A very dear friend of mine sent me a message the other day saying I needed to drop everything I was doing and go listen to a podcast. Seeing the overly happy ultra American middle aged woman on the thumbnail I thought ‘wtf is this’ but the title caught my attention. “Are Your Goals Selfish or Destructive” definitely was something I wanted to know, to explore, to figure out for myself. So I started listening.
“Some people have a drive to broadcast to the world, everything that’s been accomplished in their life. “
This was one of the first sentences said on the podcast and it made me feel uncomfortable. We live in times where we are constantly connected and it doesn’t always mean you’re vain and only live for internet fame. For a good portion of the intro she talks about people renting Bentleys for Instagram photoshoots and generally living a fake life. Even if the luxury goods do belong to these people she criticises them for ‘showing off’. Sure, I get it, it grinds my gears too sometimes. But how do you know what motivates them?! Yes, I am sure there are people who only just do it to prove to others how much better they are but measuring everyone with the same stick isn’t fair.
Next she goes on to denounce bucket lists. “If it doesn’t make you more money or makes you a better person then why do you want to do it” – apparently these goals only serve the purpose of making us feel more valuable and more special. Ok, fine, and what’s wrong with that? Don’t we all want to be special? Aren’t we all special? I don’t understand why running a marathon or learning a language that no one uses, therefore, it doesn’t serve any purpose, is a bad thing because you want to do it for yourself? Again, I am sure there are people who run a marathon or turn vegan for a week and go on bragging about it for the rest of their lives. Yes, these people can be annoying. But shitting over someone’s personal goals or ‘bucket lists’ isn’t cool. We all do what we do to somehow make our lives better, to feel better about ourselves for us, not for others. And even if you do it for the attention of others, does that automatically make you a bad person? We all have different experiences in life, so if by doing something we hope to gain the appreciation of others what’s wrong with that?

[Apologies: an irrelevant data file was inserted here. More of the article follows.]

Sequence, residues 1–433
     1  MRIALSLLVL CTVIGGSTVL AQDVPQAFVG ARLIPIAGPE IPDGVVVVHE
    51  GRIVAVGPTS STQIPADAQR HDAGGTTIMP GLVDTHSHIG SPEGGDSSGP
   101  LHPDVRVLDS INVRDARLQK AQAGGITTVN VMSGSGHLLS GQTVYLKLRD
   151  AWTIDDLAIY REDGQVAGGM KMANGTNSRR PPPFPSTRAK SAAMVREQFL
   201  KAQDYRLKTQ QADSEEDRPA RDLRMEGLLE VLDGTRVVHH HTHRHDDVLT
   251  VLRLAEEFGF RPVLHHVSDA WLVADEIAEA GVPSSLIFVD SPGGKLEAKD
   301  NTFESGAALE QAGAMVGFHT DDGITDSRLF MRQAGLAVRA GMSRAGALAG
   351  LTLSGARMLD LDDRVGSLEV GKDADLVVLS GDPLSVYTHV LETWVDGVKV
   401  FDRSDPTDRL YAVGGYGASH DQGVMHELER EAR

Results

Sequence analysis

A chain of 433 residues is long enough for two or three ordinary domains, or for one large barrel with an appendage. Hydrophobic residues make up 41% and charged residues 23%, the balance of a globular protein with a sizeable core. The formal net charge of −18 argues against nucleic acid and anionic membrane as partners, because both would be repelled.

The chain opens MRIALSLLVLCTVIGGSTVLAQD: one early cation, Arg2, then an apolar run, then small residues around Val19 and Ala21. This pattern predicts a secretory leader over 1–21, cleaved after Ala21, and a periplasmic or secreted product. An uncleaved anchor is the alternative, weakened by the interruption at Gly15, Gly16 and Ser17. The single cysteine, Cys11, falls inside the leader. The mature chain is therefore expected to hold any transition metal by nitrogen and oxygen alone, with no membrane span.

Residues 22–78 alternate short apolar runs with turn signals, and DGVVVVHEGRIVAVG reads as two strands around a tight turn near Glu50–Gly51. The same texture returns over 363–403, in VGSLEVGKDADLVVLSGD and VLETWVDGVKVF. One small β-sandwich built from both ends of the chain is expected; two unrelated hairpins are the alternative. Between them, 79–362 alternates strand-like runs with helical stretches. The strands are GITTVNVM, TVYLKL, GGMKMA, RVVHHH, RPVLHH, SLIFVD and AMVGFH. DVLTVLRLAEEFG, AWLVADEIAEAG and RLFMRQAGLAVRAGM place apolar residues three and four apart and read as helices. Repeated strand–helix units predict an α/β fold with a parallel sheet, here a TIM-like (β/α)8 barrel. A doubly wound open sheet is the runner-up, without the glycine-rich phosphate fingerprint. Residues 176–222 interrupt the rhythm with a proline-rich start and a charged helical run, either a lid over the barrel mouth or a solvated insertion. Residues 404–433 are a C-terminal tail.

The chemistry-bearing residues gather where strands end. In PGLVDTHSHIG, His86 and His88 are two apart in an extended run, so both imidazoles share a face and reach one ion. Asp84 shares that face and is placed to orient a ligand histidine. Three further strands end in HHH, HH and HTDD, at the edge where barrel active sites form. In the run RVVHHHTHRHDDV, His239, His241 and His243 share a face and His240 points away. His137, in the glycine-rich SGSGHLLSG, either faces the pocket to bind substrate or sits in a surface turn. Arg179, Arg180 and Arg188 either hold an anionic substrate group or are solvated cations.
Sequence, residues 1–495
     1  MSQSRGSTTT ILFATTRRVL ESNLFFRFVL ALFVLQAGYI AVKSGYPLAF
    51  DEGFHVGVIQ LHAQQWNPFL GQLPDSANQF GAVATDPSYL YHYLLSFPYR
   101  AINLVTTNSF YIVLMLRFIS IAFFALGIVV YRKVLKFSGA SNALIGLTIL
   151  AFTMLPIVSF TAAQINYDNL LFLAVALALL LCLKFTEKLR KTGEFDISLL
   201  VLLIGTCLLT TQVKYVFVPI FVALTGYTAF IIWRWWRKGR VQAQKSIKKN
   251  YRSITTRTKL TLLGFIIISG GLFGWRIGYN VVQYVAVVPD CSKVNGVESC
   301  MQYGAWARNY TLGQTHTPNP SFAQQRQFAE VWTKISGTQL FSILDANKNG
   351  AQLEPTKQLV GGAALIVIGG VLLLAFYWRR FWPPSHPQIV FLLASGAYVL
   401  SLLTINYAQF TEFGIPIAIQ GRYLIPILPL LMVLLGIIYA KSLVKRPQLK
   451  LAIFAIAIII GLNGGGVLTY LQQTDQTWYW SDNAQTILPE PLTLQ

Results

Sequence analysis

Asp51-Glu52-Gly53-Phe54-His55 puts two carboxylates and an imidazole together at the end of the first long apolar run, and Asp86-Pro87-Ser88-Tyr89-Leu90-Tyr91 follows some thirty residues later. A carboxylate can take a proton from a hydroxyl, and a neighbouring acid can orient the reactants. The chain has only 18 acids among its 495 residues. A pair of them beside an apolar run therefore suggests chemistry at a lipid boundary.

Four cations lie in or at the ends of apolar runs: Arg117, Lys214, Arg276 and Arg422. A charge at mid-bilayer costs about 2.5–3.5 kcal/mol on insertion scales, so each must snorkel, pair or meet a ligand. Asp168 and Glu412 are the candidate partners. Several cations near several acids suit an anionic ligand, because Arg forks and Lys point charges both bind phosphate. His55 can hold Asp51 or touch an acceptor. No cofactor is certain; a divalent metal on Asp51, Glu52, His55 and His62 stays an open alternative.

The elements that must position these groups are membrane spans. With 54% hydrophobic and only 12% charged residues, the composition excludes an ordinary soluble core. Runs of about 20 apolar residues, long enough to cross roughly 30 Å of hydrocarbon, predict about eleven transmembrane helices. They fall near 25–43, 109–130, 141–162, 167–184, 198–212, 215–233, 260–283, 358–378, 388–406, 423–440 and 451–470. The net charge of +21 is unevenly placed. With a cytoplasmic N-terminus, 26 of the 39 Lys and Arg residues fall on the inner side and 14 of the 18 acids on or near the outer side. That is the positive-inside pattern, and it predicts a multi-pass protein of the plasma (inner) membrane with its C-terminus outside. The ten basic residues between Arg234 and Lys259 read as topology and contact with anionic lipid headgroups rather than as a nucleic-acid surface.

I am pretty positive not many people buy a yacht and expect to be admired just for that. But I’m sure people may learn Chinese or to hold their breath for long periods of time to maybe have a little ‘wow’ thrown at them here and there. I don’t think self improvement is something to be frowned upon. Self indulgence and narcissism maybe, but not trying to better yourself.
“I know that that goal doesn’t make sense for my business, my family, my true priorities but would only serve my ego”.
YES THAT IS FINE! Does everything have to have some higher meaning? What if the higher meaning is just you being happy and proud of yourself that this time last month you couldn’t swim one length of the swimming pool, today you do 30. It’s like when people ask what meanings your tattoos have and being disappointed or almost offended it is not to commemorate your dead grandma. And what are true priorities anyway? Happiness? Fulfilment? Completing an otherwise ‘useless’ goal can definitely help with that.